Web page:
ART OPENING: The Architectural Review: A Cover Story @WorkGalleryLDN, Wednesday 28th May 6-8pm

The Architectural Review February 1945

http://workgallery.co.uk/WORK_2012-06-12/WORK_10A_Acton_Street_London.html
29th May–28th June 201410A Acton Street, London, WC1X 9NG workgallery.co.uk

WORK and Artifice Books on Architecture are pleased to present The Architectural Review: A Cover Story, an exhibition tracing The Architectural Review’s graphic and scholarly evolution under the direction of Hubert de Cronin Hastings, whose theory of Townscape greatly influenced the magazine’s ethos and aesthetic during the 1940s and 1950s.

Hastings became joint director of the magazine in 1925 and fulfilled various supervisory roles until his retirement in 1973. The 50 years of Hastings’ career in architectural journalism were the years during which the modern movement rose in Britain and, according to many accounts, also began to fall.

Like many of his architect contemporaries, Hastings felt that English architecture had lost its way after the Regency period, and that the modern movement emerging in Europe in the 1920s showed potential to recover a closer relationship between art and life. Under Hastings’ direction, The Architectural Review advocated greater sensitivity to the psychological needs of the individual and society; a renewed faith in the spirit of the amateur; appreciation for the accidental features of towns; and an idea of progress in which new development would be woven into historical urban fabric.

Townscape became the overall term for transforming these ideas into a recognisable way of seeing and acting. It was a word that Hastings claimed (erroneously) to have invented, although he was effective in giving it a new definition and popularising it. Under this heading, using a number of collaborators, he developed the potential of applying Picturesque theory to the problems of post-war cities as a corrective to current orthodoxy, and it is with this long-running project that he is chiefly associated. Though Hastings’ approach was criticised for a lack of systematic thinking and disengagement from social reality, townscape did gain a new relevance in the 1960s following the rise of public interest in architectural conservation, leading to the publication of The Italian Townscape as a special issue of The Architectural Review in June 1962 and in book form the following year.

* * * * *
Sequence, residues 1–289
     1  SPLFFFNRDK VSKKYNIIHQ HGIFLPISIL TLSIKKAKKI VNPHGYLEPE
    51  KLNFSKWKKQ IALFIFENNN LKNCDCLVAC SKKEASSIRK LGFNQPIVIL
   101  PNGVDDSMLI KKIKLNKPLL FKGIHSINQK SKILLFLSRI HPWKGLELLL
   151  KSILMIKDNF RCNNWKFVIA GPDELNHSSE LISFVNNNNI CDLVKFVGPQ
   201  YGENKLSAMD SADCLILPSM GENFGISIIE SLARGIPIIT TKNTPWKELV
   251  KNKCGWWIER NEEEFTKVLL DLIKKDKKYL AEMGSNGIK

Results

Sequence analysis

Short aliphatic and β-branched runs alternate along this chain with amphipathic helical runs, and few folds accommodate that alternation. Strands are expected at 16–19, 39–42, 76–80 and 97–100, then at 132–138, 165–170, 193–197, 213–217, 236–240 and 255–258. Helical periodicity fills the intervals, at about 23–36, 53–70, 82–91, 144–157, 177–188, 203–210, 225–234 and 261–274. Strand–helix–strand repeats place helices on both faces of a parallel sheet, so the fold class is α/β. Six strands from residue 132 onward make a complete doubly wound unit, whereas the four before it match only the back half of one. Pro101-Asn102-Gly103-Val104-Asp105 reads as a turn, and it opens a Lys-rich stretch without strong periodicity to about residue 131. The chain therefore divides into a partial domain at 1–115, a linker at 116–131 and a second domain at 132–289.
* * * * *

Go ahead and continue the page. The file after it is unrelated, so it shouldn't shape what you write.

The tension between conservatism and progress marked all Hastings’ thinking and enterprises, from his influence on The Architectural Review and the staff that he hired to the paradoxical creation of a neo-Victorian pub as a setting for the leaders of modernism. Under his direction, The Architectural Review maintained a lively dialogue between past and present. Like many of his contemporaries, Hastings saw architecture as one element in a range of reforming activities, spanning from domestic furnishing and equipment to the planning of cities and regions, and this variety was reflected in the magazine’s content and design.

The Architectural Review: a Cover Story will feature rare back issues of the journal and other related ephemera on loan from personal collections. The exhibition material has been selected and annotated by writer and researcher Alan Powers, who together with Erdem Erten authored the introduction to Artifice Books on Architecture’s recent reprint of The Italian Townscape, Hastings’ 1963 publication under the pseudonym Ivor de Wolfe.

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